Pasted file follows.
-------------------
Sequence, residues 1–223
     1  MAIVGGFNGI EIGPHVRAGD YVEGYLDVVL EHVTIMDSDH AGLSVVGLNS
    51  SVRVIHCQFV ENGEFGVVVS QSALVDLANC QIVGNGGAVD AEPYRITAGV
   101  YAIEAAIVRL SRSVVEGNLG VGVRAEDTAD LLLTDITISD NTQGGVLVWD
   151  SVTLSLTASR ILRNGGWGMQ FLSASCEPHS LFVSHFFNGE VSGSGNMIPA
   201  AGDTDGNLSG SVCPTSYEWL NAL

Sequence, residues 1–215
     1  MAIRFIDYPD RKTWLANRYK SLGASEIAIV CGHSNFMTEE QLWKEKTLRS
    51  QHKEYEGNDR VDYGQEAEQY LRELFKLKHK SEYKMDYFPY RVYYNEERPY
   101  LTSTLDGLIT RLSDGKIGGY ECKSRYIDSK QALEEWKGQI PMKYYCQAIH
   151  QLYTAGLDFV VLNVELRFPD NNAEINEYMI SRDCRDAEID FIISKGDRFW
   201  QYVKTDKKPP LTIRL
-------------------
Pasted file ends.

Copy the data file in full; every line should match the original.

Sequence, residues 1–223
     1  MAIVGGFNGI EIGPHVRAGD YVEGYLDVVL EHVTIMDSDH AGLSVVGLNS
    51  SVRVIHCQFV ENGEFGVVVS QSALVDLANC QIVGNGGAVD AEPYRITAGV
   101  YAIEAAIVRL SRSVVEGNLG VGVRAEDTAD LLLTDITISD NTQGGVLVWD
   151  SVTLSLTASR ILRNGGWGMQ FLSASCEPHS LFVSHFFNGE VSGSGNMIPA
   201  AGDTDGNLSG SVCPTSYEWL NAL

Sequence, residues 1–215
     1  MAIRFIDYPD RKTWLANRYK SLGASEIAIV CGHSNFMTEE QLWKEKTLRS
    51  QHKEYEGNDR VDYGQEAEQY LRELFKLKHK SEYKMDYFPY RVYYNEERPY
   101  LTSTLDGLIT RLSDGKIGGY ECKSRYIDSK QALEEWKGQI PMKYYCQAIH
   151  QLYTAGLDFV VLNVELRFPD NNAEINEYMI SRDCRDAEID FIISKGDRFW
   201  QYVKTDKKPP LTIRL